Researchers out of Oregon who had their findings published in the Journal of Substance Abuse Treatment (cited earlier) spoke to this point. Quoting lead study author Caroline King, M.P.H., a health systems researcher and current M.D./Ph.D. student in the OHSU School of Medicine’s biomedical engineering program, “We found that polysubstance use is the norm. This is important because we may need to offer additional support to patients using multiple drugs. If someone with opioid use disorder also uses alcohol or methamphetamines, we miss caring for the whole person by focusing only on their opioid use… Understanding the complexity of people’s substance use patterns is really important to honoring their experience and developing systems that support their needs.”3
“If someone with opioid use disorder also uses alcohol or methamphetamines, we miss caring for the whole person by focusing only on their opioid use…”
Across the country, public health experts are beginning to see that American drug abuse trends are shifting. For example, another detailed research paper unpacks the recent wave of opioid overdoses in Oregon. That paper concluded that most drug overdoses in that state involved more than one drug and that it might be the polysubstance nature of drug abuse in Oregon that led to a spike in fatal overdoses.4
According to the Centers for Disease Control and Prevention, at least 250 Americans lose their lives to drug overdoses daily, the equivalent of a Boeing 747 airplane going down and killing everyone on board every day. According to the CDC, at least 50% of all fatal overdoses involve addicts who were using multiple drugs at the time of death.5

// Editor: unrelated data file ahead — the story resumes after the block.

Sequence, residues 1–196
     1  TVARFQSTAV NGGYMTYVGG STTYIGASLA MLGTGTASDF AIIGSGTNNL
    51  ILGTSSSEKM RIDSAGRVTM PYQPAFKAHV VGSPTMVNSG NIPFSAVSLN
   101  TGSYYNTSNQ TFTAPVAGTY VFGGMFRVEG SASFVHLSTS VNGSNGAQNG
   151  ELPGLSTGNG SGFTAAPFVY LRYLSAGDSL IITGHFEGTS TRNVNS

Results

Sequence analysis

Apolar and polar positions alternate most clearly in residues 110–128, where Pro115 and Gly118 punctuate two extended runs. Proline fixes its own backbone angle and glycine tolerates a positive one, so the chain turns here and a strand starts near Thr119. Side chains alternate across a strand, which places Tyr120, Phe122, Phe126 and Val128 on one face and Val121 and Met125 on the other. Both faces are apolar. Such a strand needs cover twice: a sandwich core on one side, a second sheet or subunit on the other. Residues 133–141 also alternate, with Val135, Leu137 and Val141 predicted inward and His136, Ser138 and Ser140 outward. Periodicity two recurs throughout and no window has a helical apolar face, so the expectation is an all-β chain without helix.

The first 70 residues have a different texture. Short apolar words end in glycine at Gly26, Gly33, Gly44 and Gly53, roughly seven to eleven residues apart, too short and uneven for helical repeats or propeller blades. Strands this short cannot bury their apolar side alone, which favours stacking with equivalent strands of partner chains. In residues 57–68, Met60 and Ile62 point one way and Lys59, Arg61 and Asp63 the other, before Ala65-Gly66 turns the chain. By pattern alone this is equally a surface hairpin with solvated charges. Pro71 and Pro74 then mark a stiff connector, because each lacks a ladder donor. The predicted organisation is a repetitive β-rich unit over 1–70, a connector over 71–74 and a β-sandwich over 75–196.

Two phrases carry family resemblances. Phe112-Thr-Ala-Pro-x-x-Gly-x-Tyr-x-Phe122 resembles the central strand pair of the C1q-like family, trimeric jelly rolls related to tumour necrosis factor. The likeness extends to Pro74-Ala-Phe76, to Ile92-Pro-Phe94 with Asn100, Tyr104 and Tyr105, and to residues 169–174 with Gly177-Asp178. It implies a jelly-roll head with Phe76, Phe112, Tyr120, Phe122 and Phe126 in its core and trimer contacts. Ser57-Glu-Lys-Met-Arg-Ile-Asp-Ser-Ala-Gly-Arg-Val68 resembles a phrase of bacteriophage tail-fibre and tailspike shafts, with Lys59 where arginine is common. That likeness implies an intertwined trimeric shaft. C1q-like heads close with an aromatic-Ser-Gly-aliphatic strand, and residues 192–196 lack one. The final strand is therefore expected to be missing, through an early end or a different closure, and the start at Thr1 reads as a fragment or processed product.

Even if addicts don’t die due to mixing drugs, the life-altering health consequences can be extremely harsh. Mixing stimulants with other drugs produce effects like:
- Heart attack
- Brain injury
- Liver damage
- Troubled breathing
- Nausea and vomiting
- Increased body temperature
- Chest pain, seizures, and tremors
Mixing depressants with other drugs produce effects like:
- Weak pulse
- Passing out
- Slow breathing
- Damage to the brain and organs
- An altered mental state and extreme disorientation
Public health officials at the CDC also warn that mixing alcohol with other drugs, especially prescription drugs, is extremely harmful. The depressant effect of alcohol can be amplified when used alongside other drugs, and the effects can be catastrophic.
Addiction Treatment Must Focus on the Person, Not the Drugs They’re Using
It’s important to understand drug use trends and to know what types of drugs are becoming popular among users. But when it comes to treatment, rehab centers will succeed in rehabilitating addicts to the extent that their programs focus on the person in recovery, not the drugs they used. The road out for addicts should involve a highly personalized approach to recovery, one that takes the individual’s experiences and habits, challenges, and underlying issues into account, not just the drugs they use.
JSAT. “Patterns of substance use before and after hospitalization among patients seen by an inpatient addiction consult service: A latent transition analysis.” Journal of Substance Abuse Treatment, 2020. journalofsubstanceabusetreatment.com ↩︎